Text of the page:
Coral reefs, seaweed
2 June 2009
A global survey of coral reefs has shown that, while reefs face many threats, fears of a takeover by seaweed have so far not been realised.
AIMS scientist Dr Hugh Sweatman, along with Dr John Bruno, Dr Elizabeth Selig and Dr Virginia Schutte from the University of North Carolina at Chapel Hill and Florida-based marine ecologist Dr William Precht, have published a paper* that questions a common view that many reefs that were once lush coral communities are now overgrown by seaweed.
"Phase shifts" in the coral reef environment mean the replacement of one stable community of animals and plants by an alternative stable community, in this case the replacement of coral by seaweed. Once seaweeds become abundant they persist because they hinder coral recovery.
According to the scientists, while it was certainly the case that coral had decreased worldwide in recent years, in many locations seaweed had not increased correspondingly.
The scientists' survey examined reefs from around the world, including the Great Barrier Reef, and found that replacement of coral by seaweed was less common than previously assumed. In the Indo-Pacific region, macroalgae dominated only one per cent of the reefs that were surveyed.
The Great Barrier Reef has a special place among reefs of the world because direct human pressures are low compared with many other reefs and it is actively managed. Its herbivorous fishes are not targeted and persistent phase shifts have been rare, although they can be made to occur experimentally.
"Australia has been relatively lucky so far but we cannot afford to be complacent," Dr Sweatman said. There is no general trend to seaweed dominance on the Great Barrier Reef, according to this survey, although reef scientists and managers will continue monitoring it closely.
Elsewhere there have been several dramatic examples of such phase shifts, with one of the most widely known and striking occurring in the Caribbean in the 1980s. Following a series of damaging events, including hurricanes and disease, coral cover on several reefs in Jamaica plummeted from about 70 per cent to less than 10 per cent. Seaweeds rapidly became the dominant life form because of widespread overfishing of herbivorous fishes and the local extinction of a seaweed-grazing sea urchin. As a result, there has been little coral recovery on Jamaican reefs in the past 30 years.
The study team said that while their analysis suggested the incidence of reefs that were dominated by seaweed had been overstated, examples such as the degradation of Jamaican reefs were powerful warnings of the consequences of subjecting reefs to multiple natural and human-induced disturbances.
In the wake of these dramatic losses of Caribbean coral, scientists became concerned about how widespread this phenomenon might be in the rest of the world.
The study published today is the first global-scale analysis of thousands of surveys of individual reefs, involving more than 3,500 examinations of about 1,800 reefs made between 1996 and 2006.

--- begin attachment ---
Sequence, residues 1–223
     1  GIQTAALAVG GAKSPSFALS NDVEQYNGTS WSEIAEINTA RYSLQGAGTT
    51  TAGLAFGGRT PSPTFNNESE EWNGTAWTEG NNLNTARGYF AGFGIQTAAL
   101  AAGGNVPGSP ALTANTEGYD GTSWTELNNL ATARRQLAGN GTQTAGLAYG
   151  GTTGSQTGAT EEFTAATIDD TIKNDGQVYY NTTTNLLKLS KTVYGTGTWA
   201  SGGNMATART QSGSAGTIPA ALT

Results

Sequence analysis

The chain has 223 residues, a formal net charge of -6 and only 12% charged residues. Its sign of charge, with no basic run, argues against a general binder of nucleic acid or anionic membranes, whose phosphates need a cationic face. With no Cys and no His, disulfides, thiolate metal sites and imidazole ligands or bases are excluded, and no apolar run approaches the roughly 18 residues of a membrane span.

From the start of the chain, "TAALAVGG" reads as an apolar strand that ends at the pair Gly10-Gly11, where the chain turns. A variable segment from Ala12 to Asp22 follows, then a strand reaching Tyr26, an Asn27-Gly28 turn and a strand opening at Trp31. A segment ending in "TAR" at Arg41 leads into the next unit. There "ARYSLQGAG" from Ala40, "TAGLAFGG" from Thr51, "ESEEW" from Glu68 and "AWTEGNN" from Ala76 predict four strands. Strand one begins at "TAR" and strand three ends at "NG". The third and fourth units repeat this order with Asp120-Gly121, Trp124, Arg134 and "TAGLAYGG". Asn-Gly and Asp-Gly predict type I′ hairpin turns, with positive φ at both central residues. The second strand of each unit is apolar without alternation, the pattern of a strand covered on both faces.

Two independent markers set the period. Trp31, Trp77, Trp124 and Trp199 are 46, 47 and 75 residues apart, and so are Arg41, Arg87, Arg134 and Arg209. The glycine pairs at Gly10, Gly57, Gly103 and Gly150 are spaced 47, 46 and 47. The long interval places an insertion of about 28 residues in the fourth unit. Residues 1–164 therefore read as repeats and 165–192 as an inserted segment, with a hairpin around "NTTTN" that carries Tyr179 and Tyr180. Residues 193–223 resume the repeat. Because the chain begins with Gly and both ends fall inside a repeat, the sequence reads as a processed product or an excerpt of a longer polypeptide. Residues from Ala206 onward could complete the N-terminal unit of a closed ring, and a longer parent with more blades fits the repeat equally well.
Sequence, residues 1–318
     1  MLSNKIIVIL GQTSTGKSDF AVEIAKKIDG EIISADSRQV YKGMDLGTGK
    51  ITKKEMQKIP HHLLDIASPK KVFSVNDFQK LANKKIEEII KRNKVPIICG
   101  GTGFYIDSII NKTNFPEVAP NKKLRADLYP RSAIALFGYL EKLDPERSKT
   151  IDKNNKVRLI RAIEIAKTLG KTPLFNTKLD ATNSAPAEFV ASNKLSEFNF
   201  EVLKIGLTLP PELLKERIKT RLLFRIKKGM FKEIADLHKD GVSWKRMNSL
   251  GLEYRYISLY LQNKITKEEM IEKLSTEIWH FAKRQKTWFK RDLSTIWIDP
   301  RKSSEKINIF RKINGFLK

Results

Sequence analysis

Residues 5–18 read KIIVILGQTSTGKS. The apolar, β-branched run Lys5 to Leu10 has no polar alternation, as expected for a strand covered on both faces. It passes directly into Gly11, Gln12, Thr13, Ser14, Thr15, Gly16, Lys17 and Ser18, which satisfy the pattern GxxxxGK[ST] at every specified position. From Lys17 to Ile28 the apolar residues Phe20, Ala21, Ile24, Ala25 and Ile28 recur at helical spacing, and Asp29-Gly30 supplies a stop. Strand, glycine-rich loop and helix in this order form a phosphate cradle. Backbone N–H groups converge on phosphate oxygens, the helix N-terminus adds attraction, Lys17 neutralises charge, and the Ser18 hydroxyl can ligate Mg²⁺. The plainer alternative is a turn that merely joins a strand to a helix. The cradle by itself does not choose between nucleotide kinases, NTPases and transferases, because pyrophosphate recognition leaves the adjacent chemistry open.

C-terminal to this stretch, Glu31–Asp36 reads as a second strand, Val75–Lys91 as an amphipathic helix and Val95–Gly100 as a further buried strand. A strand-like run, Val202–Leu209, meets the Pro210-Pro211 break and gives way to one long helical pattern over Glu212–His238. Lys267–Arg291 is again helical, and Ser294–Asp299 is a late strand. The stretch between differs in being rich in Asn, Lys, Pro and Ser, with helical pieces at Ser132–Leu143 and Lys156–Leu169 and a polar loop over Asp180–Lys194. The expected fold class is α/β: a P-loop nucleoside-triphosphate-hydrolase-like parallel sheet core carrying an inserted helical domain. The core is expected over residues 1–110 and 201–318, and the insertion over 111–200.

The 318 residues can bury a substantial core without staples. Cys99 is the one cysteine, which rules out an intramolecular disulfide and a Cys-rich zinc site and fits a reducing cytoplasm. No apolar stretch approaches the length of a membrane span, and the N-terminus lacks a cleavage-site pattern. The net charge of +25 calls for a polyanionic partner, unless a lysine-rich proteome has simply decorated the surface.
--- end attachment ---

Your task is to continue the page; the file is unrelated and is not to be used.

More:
Until now there has been no generally accepted threshold at which a phase shift can be said to occur. "This has led to substantial confusion about the causes, generality, severity and management implications of phase shifts on reefs," the scientists said. The team came up with a "phase-shift index" to determine the state of each reef and apply a consistent measure to the level of seaweed versus coral cover.
They found that while there were moderate local increases in seaweed cover over the study period, only four per cent of reefs worldwide were dominated by macroalgae – that is, more than 50 per cent of the reef surface was covered in seaweed – and most of these were in the Caribbean.
"Macroalgae such as seaweed have taken over and are dominating some structures, but those incidences are less common and less widespread than assumed," Dr Bruno said.
Over the period of the study, the greatest losses of coral on the Great Barrier Reef were due to the crown-of-thorns starfish and, to a lesser extent, cyclones. However, the coral that was lost was not replaced by persistent communities of seaweeds.
"In practice the amount of coral on a reef depends on the number of new coral colonies replacing established colonies that die because of crown-of-thorns starfish, storms, warm water bleaching and diseases," Dr Sweatman said. "If conditions do combine to reduce the amount of coral, our study shows that the shift is most often from high coral cover to low coral cover, not from high coral cover to high cover of seaweed."
The low incidence of phase shifts on reefs where the fish and urchin grazers have not been damaged reinforces the idea that the causes of coral mortality should be the prime concern.
"I hope this study leads to a clearer definition of what coral-algal phase shifts are and broadens our perspective on the serious loss of corals in many parts of the world," Dr Sweatman said.
*The paper, written by John Bruno, Hugh Sweatman, William Precht, Elizabeth Selig and Virginia Schutte, is titled "Assessing evidence of phase shifts from coral to macroalgal dominance on coral reefs" and has been published in the journal Ecology (http://www.esajournals.org/toc/ecol/90/6).
For further information, please contact:
Dr Hugh Sweatman , AIMS
Phone: 07-4753 4470, 0419 986 746
Ms Liz Tynan , AIMS
Phone: 07 4753 4235, 0400 773 691
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